The Houses October Built


Just a Nice Little Haunted House Movie.

The Houses October Built is a movie that revolves around the haunted houses that spring up every Halloween. Most of these places will be open for around six weeks, and much like the carnival and circus attractions that predate them, will use just about anything they can to outdo each other. There are always rumors of haunted attractions using real blood, body parts, etc., and that’s what The Houses October Built plays off of.

The Houses October Built is a found footage film that follows a group of friends as they make a documentary about seasonal haunted attractions. The film makes ample use of footage shot at real life haunts (the film started life as an actual “documentary”) interspersed with shaky cam footage shot on phones and various handheld cameras. The group eventually comes upon some very strange recurring scare actors that lead them, against their will at times, towards a moving haunted attraction called the Blue Skeleton. As the story progresses stranger things begin to happen to the group leading to the inevitable showdown with the denizens of the Blue Skeleton, and a very divisive ending.


Not quite this divisive though.


The Houses October Built is a nice little haunted house movie that could have been a lot better had more time been spent on the details. A lot of the problems with this film, and the found footage genre in general, stem from pacing and plotting issues. So much of the exposition generally comes from people just talking at a camera instead of allowing a story to grow naturally, and this tends to lead to under-developed characters.

The primary cast (Brandy Schaefer, Zack Andrews, Bobby Roe, Mikey Roe, and Jeff Larson) are fine in their roles but the execution leaves a bit to be desired. The script (written by B. Roe, Andrews, and Larson) is pretty standard horror stuff, but the pacing falls flat at times and too much emphasis is put on the real haunted attractions. This film, more so than others in the found footage genre, seems to be just as interested in the documentary aspect, probably due to the fact that a lot of the attractions are real. They want to fit a lot of the real footage in, and while this is understandable, the movie very well might have worked better as just a straight ahead doc. The direction of the film (also by B. Roe) is competent but relies a little too obviously on questionable improvisation and shaky cam effects to give the false impression of action.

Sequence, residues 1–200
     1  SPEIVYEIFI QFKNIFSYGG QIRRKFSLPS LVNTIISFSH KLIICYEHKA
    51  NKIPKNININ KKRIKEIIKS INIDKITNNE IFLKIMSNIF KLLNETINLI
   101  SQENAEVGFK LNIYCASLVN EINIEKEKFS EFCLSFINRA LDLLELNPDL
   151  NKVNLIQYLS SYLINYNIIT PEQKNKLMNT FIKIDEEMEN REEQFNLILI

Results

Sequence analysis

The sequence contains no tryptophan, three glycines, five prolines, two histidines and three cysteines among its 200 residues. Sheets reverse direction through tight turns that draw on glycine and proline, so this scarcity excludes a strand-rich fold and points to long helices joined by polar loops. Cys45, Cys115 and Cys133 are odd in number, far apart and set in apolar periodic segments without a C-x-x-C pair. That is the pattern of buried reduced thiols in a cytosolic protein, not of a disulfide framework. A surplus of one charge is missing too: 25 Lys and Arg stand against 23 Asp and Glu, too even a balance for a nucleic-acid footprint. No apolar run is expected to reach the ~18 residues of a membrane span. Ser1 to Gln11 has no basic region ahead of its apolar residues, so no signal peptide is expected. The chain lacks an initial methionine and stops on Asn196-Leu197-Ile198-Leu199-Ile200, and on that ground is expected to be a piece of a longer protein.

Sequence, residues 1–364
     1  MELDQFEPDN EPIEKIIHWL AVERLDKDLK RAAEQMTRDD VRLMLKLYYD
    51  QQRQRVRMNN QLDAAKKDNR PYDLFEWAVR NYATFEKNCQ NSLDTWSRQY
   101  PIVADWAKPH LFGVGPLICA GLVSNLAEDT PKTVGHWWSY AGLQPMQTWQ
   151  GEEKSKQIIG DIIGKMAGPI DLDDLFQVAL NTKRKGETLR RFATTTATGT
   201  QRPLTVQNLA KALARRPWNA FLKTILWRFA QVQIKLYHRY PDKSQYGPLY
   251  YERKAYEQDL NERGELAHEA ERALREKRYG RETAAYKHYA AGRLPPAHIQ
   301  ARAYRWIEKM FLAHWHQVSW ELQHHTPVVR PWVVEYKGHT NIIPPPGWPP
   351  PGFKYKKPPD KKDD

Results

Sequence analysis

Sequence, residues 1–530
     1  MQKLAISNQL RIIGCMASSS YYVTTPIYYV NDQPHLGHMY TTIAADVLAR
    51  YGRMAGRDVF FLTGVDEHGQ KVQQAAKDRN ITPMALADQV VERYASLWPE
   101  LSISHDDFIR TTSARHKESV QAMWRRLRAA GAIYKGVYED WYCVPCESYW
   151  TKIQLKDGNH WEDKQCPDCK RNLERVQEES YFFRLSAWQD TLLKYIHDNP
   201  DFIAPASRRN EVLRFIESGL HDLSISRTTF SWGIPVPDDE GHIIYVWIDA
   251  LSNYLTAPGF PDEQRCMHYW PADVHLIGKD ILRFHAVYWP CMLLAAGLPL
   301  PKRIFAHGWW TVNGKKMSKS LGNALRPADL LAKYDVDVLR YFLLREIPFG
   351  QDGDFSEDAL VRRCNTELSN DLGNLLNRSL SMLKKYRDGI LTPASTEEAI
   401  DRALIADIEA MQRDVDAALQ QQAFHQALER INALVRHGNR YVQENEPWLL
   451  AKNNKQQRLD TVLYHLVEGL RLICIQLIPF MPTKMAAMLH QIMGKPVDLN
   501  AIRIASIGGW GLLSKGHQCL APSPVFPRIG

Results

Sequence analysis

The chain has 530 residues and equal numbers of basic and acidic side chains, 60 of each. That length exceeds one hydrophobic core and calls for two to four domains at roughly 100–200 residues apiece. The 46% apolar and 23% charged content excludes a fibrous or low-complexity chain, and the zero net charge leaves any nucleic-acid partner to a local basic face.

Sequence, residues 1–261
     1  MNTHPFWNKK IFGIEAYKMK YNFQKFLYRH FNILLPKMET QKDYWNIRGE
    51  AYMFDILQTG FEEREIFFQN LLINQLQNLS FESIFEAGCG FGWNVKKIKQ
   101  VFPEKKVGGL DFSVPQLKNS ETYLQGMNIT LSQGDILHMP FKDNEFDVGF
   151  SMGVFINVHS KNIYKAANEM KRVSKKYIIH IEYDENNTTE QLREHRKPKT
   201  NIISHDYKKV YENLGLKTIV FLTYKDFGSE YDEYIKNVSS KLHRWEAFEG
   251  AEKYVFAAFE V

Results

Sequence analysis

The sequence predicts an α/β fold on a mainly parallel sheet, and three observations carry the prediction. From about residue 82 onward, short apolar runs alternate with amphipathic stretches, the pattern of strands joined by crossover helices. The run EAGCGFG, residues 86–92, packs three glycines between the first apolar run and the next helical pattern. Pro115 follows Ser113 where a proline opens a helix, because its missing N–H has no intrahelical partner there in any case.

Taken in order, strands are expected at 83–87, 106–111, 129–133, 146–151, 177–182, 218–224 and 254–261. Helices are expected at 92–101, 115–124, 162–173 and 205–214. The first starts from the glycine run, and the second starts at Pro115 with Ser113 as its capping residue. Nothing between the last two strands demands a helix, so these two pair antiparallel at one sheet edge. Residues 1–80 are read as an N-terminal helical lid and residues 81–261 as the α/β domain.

One of the things the movie gets right, however, is the creep factor. The costumes are generally great and there is one doll-girl that freaks me out just thinking about her. The trailer for this movie got my attention due to her; she gives me the old-fashioned heebie-jeebies and that’s a fact! The clowns and various other sundry sort also lend a lot of spookiness to the proceedings, and that helps to elevate this above most middle of the road horror movies. It might not be an instant classic like Sinister, but it is one that I intend to watch again.


Probably the star of Rob Zombie’s next movie.


The found footage genre, which ostensibly started with The Blair Witch Project (still my favorite), is fairly young in the grand scheme of things. If Blair Witch is the top, and Cloverfield is the bottom, then this one sits firmly in the middle for me. It’s nowhere near as good as As Above, So Below, but The Houses October Built is definitely worth seeing if you are a horror fan and/or you like creepy doll-girls.

Until next time…


Next week I review The Crack Houses The Bad Lieutenant Built. Spoiler alert…I loved it!


Jeremy Bishop
About Jeremy Bishop (89 Articles)
When not busy trying to keep an 8-year old boy in line, Jeremy Bishop likes to spend time with his girlfriend catching up on movies, attempting to catch up on comics, and doing his best to stay in shape. You can follow Jeremy on Twitter @jmoney1776.
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